The production of synthetic seismograms is one of the subjects studied by scientists and researchers, and recently, widely spoken about in geophysics. Applied geophysics and seismology studies the production of synthetic seismograms and their comparison with realistic seismograms, have put a light on several geophysical and seismological problems. Standard inversion methods are available only for some relatively simple models of the Earth's interior. Generally, the properties of the Earth's interior may deviate more or less from the basic assumptions inherent to the different inversion methods. To evaluate the accuracy of the results it is therefore necessary to compute the travel times for the model obtained and to compare them with the observed travel times. If appropriate methods are available for the computation of exact traveltimes for complex and realistic models, it is then possible to improve first order models iteratively by comparison öf computed and observed traveltimes. In a horizontally stratified medium, the ray tracing is performed by applying Snell's low. The physical basis of raytracing and traveltime calculations for arbitrary two-dimensional model is the same as in the case of a horizontally stratified medium. What is needed is the Snell's low. ix If a mathematical model is defined which attributes a velocity value to any point of the subsoil, any ray path can be computed stepwise, starting at the source of the seismic wave with corresponding angle of incidence and successively applying Snell's law. The computation is repeated and the traveltime increments are summed up, until the ray reaches the Earth's surface or any other boundary of the model. The problem is straight forward when the starting point and the initial direction are given. It becomes complicated for cases in which the starting point and the ending point are given. There are basically two approaches to this problem. The first one is shooting method, which uses trial values for the initial direction and adjust them to make the calculated raypaths go as near as to a given ending point. The second one is bending method, which uses trial ray paths with the right starting and ending point and then adjust the paths to satisfy the differential equation for the ray trajectory. The ray method is applicable only when the velocity distribution in the model and interfaces in the vicinity of the ray under consideration are sufficiently smooth. The ray method has some other limitations. In smooth media, it has a limited accuracy, or even not valid in the singular regions of the ray field. Those are caustic regions, critical regions (in the neighborhood of a critical angle for reflections), transition region between the shadow and the illuminated region. In its standard form, it cannot be used to investigate various diffracted waves, inhomogeneous waves, etc. Various methods in synthetic seismogram production are widely used by seismologists, geophysicists, and scientists. In the production of seismograms various ray tracing methods are used for various aims. Various techniques in the production of synthetic seismogram that have been developed recently are the classical ray tracing method, WKBJ seismograms (Chapmen and Drummond, 1982), Gaussian Beam method (Cerveny and others, 1982), Kirchoff integral method (Haddon and Buchon, 1981). Each one of the above mentioned methods have their advantageous and disadvantageous. Using ray tracing methods, wave propagation duration calculations have been secured in non-homogenous regions. Gebrande (1977), Cerveny and others (1977), Julian and Gubbis (1977), Whittall and Clowes (1979) made important contributions to this subject. As a result of those studies, it was understood that the traveltime of seismic waves is as important as their amplitudes. A single effective ray-tracing method was developed by Whittal and Clowes (1979) for regions of horizon variations. In this paper, the velocity model was expressed as large blocks in random boundaries. The velocity gradient was constant in each block; however, it was taken in random directions. The sufficiency and applicability of this method was proved on several refraction problems by Clowes and others (1981), Delando and Moon (1982), Ellis and others (1983), Green and others (1983), and Horn and others (1983). The terms in the series obtained from the asymptotic solution of elastodynamic wave equation provided the foundation of the ray tracing method. Whereas for the geometric raytracing method, the optimum solution obtained under monochromatic wave, the values of the first term in the ray series are considered (Cerveny and Ravindra, 1971; Aki and Richards, 1980). The applicability of the geometric ray theories are in accordance with the variations in wave front correlations and velocity gradients (Cerveny and others 1977). In this study, using the classical ray tracing techniques, synthetic seismograms are produced. There are two advantages of this method: the first advantage is the execution speed in computer environment, and the second XX advantage is the independent handling of each seismic event once at a time. The necessary equations have been derived using Snell's law and trigonometric relations. This thesis is to serve to seismic interpreters, especially for those who evaluate zero-offset, single-channel, high resolution analog seismic data. The following are some of the typical interpretation pitfalls the interpreter faces: ? Misinterpreted intrabed multiples, reverberations, and ghosts as possible layers, ? Mislocated sea bottom bathymetry and geological structures due to the migration of the tilted reflectors observed in the offset-time seismic sections, ? Wrongly delineated seismic horizons due velocity pull-ups or pull-downs, and erroneous layer thickness computations caused by the lack off correct velocity knowledge. For this purpose, three separate computer programs were written. A brief description of these programs are: ? The Scaling Program: This mouse controlled interactive program helps the interpreter to supply a scale so that the created synthetic seismogram fits the field data when they are superposed, ? The Geological Model Producer: This mouse controlled interactive program creates or modifies geological models in a fast and easy manner. ? The Synthetic Seismic Data Generator: This interactive program generates the seismic section based on a geological model produced in the previous step. xn The interpreters goal would be the optimal fit of the synthetic data with the real data. He/She will achieve this in trial basis; i.e., he/she will iteratively choose appropriate layer boundary and velocity values until an optimal match between real data and synthetical data in reached. The contribution of the present Thesis would be the development of a Seismic Modelling Software to assist the interpreter. However, when the acquired data is analog, and the digitization of recorded seismograms is practically impossible. Therefore, the conventional Seismic Data Processing techniques cannot be used. Another alternative would be the Seismic Modelling in computer environment. Such a modelling package should be easy to use, fast, and can be run in personal computers. But, at least a 486DX based microprocessor and 4 Mb memory are required. To speed up the computations, 2-D ray tracing technique (exploding reflectors) is used. The Seismic Modelling Software, besides generating the primary reflections, will also produce source/receiver-site ghosts, water-bottom multiples, intra-bed multiples, and diffractions from sharp corners (like faults). As a result, both sea bottom bathymetry and geological structure beneath the sea bottom may be mapped, and their velocities can be estimated. Misinterpretations of ghosts and multiples as seismic horizons can also be avoided.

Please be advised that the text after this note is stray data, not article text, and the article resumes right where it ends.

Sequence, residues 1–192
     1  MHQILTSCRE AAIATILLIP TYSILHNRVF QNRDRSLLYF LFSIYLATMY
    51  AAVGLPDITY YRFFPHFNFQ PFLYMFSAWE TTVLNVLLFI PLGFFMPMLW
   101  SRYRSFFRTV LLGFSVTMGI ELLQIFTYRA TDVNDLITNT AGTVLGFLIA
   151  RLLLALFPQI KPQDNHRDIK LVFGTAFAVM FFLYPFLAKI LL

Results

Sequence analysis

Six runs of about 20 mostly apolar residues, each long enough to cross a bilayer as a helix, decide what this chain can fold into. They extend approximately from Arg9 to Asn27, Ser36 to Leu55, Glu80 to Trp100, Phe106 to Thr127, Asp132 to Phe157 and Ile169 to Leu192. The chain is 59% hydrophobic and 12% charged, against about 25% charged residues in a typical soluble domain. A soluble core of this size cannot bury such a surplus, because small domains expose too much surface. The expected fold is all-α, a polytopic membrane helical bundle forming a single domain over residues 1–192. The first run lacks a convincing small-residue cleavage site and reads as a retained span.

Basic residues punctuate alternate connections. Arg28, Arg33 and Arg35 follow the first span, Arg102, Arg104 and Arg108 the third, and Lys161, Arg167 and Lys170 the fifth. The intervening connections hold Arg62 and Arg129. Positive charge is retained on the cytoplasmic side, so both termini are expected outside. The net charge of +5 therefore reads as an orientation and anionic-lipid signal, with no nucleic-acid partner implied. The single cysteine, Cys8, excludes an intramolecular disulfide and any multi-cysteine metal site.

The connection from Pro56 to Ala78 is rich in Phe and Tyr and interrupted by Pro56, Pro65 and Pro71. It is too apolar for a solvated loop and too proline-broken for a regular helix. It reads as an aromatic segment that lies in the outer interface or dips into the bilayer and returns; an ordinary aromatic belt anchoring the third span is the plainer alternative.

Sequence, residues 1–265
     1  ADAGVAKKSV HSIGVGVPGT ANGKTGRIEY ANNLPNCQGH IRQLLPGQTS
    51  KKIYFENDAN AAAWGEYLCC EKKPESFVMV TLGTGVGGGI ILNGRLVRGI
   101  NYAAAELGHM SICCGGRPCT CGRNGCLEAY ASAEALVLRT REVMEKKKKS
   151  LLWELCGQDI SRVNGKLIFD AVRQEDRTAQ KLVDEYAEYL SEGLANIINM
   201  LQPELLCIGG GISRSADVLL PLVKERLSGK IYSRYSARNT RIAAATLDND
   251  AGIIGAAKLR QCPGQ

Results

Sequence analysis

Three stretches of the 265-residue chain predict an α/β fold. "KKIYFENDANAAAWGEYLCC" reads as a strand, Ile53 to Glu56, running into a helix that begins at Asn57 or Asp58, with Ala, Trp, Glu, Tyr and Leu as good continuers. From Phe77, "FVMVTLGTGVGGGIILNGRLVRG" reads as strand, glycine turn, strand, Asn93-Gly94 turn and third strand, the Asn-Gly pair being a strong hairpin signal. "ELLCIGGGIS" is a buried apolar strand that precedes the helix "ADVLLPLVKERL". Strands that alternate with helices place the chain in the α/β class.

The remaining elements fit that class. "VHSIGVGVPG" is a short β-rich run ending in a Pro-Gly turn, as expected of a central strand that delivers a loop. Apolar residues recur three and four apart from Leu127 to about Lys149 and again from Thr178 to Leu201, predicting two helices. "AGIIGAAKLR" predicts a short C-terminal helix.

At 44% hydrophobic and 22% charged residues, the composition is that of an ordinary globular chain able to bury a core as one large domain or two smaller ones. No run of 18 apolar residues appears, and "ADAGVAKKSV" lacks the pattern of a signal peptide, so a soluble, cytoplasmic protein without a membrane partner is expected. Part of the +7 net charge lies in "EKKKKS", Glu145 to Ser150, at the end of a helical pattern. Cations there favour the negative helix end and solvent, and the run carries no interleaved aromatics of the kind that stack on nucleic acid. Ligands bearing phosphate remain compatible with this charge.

##### Açıklama

Tez (Yüksek Lisans) -- İstanbul Teknik Üniversitesi, Fen Bilimleri Enstitüsü, 1993

##### Anahtar kelimeler

Jeofizik Mühendisliği,
Deniz sismiği,
Veri modelleri,
Geophysics Engineering,
Sea seismic,
Data models